Butter is my dark secret. I eat it every day at breakfast, and sneak smears of it while cooking or just passing through the kitchen. I don’t do this at other people’s homes … unless I can get away with it.
While I appreciate good bread, it’s largely just camouflage for my butter habit – it’s the brown paper bag an alcoholic wraps round a bottle of Wild Turkey; the copy of Horse & Hound a teenage boy uses to conceal the latest issue of Big Jugs.
I’ve met people who only eat butter once a month, believing it’s really bad for you. Fortunately, the research is equivocal on the dangers of (high quality) saturated fats, and there is evidence that replacing butter with margarine or with carbohydrates may be even worse for you. There’s also some suggestion that butter can be good for you, with all its vitamins and such. This gives me a bit of solace … but it’s really only a justification for what I will continue doing – enjoying butter.
As Mary Oliver says in my favourite poem, “Wild Geese”: ‘Let the soft animal of your body / love what it loves’. Well, the soft animal of my body loves butter. However, my pleasure is usually off-set by worry: What happens if my arteries harden? If – with all my knowledge of healthy eating – I end up dying of diet-related disease? Each day at the breakfast table my knowledge-stuffed head does battle with ‘the soft animal of my body’. The animal always wins.
Butter promotes democracy (sort of)
I was encouraged to admit my love of butter after reading this recent post by Michael Moore, where he, too, admits to eating butter daily, and associates the practice with remedying some big social problems. That same week, I came out of the butter-lust closet in a big way, at the Oxford Real Farming Conference (ORFC). At this year’s ORFC I heard about food as a human right, the imperative to let cows and sheep eat grass, and how communications technology can support food democracy. I also met filmmaker Anne Cottringer and got a copy of her latest documentary ‘Tune for the Blood’, about the passion and persistence of young farmers in the UK.
Over lunch I shared a table with a volunteer from the Youth Food Movement, who explained that she would be leading a butter-making workshop at 3:30 that day. ‘Wha-wha-what?’ I asked, halting mid-chew, as a piece of pasture-fed pastrami fell from my lip. It’s like I had just been told Johnny Depp would be arriving at 3.30 and really, really wanted to meet me, because he wants to make a movie based on my blog, and thinks I’m really good-looking. Suddenly, my plans to attend some important sessions about research on genetically modified foods were dashed – the soft animal of my body wanted to make some butter.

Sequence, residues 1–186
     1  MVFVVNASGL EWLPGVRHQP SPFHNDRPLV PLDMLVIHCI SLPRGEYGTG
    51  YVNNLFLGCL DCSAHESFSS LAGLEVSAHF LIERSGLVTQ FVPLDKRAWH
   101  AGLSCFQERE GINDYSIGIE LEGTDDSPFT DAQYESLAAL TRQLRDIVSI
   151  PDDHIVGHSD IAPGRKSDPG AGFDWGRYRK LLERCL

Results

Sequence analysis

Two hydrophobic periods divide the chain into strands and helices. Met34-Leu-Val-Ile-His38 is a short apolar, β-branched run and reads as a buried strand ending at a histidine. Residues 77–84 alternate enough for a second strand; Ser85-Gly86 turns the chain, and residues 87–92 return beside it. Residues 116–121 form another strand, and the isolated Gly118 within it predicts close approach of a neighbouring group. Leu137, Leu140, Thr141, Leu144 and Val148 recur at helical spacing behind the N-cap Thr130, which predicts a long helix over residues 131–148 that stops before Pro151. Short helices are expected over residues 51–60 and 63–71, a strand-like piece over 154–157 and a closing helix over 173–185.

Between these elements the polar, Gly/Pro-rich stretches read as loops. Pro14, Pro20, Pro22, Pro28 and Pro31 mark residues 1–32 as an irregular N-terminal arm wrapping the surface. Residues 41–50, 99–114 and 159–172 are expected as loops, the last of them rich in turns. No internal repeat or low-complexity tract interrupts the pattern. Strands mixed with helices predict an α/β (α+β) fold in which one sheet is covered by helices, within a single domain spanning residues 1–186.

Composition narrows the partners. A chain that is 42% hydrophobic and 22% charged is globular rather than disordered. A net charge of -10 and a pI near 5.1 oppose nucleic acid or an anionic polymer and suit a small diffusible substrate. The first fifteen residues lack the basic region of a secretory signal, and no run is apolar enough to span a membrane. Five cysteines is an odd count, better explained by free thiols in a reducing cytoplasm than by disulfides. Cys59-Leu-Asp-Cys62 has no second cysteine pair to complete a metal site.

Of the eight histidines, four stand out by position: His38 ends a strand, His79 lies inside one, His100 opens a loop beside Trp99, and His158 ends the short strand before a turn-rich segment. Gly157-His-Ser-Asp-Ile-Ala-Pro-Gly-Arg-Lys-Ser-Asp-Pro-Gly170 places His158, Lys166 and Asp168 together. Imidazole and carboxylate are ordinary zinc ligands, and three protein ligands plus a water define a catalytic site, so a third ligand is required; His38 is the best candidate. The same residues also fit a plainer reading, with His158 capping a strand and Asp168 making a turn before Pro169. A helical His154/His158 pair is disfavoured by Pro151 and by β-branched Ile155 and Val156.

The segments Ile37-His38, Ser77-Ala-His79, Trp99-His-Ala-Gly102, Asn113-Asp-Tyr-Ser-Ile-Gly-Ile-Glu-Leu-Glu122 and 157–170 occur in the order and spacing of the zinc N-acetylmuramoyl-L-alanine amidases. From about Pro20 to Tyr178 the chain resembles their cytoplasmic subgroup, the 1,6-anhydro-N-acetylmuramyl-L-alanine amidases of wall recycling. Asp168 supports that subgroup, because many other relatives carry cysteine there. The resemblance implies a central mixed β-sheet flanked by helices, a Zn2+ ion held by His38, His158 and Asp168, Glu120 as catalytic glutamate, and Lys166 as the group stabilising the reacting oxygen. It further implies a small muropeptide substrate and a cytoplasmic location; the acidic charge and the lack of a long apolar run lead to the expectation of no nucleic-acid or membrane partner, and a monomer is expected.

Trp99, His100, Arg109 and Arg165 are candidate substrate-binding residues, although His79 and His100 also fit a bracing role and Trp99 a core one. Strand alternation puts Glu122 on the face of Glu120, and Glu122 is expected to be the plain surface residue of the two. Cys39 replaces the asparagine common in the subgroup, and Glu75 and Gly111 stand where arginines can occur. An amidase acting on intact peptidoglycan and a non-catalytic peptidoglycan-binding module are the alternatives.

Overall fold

Before I moved to Europe I was familiar with ‘heavy cream’, whipping cream, Half & Half and Cool Whip, which in fact has no cream. Moving to Europe was like finding myself inside a game of Candy Land, only this was Candy Land for dairy fetishists, where cream comes in single, double, extra-thick double, clotted, whipping, créme fraîche and a few other luscious varieties.
Today we were using super-thick double cream from North Aston Dairy. Me and my dairy-loving compatriots were each given a small plastic container with a sturdy lid, and two big dollops of cream, along with a generous sprinkling of salt. We put the lids on our containers tightly, and then shook them for an uncomfortably long time (at least without a sports bra). At one point, me and another butter-maker broke out in some Latin-inspired dance moves; but mostly we just stood and shook.
Soon we became like nine-year-olds in the back of a station wagon, asking every few minutes if we were there yet. Our guide would peer at our shaken cream and say patiently, “Not yet. Keep shaking”. There was only one small blow-out, when someone’s container lid sprung a leak and droplets of buttermilk sprayed the crowd. One person delicately wiped the droplets off her blouse with a damp towel, while I ungracefully licked the droplets off my sleeve. (The other participants were lucky I didn’t lick their sleeves, too.)
I shifted my container from one hand to the other, until, after about ten minutes, I could hear something solid bumping around. I opened the lid to find a lump of pale yellow butter and some white liquid at the bottom, which I was told was buttermilk. I was offered a slice of bread so that I could taste my butter, but instead I just stuck my finger in and licked the salty elixir straight-up. I was out of the closet now.
I made butter this way at home and it worked a charm. The cream I bought (again, from North Aston Dairy) was really, really thick, which made the job extra quick, and I added some crushed up French sea salt to see if it made a difference to the taste (not really). This isn’t the most efficient or cost-effective way to make butter, but it’s a fun way to get better acquainted with one of the foods I love most, and to practice some Latin dance moves.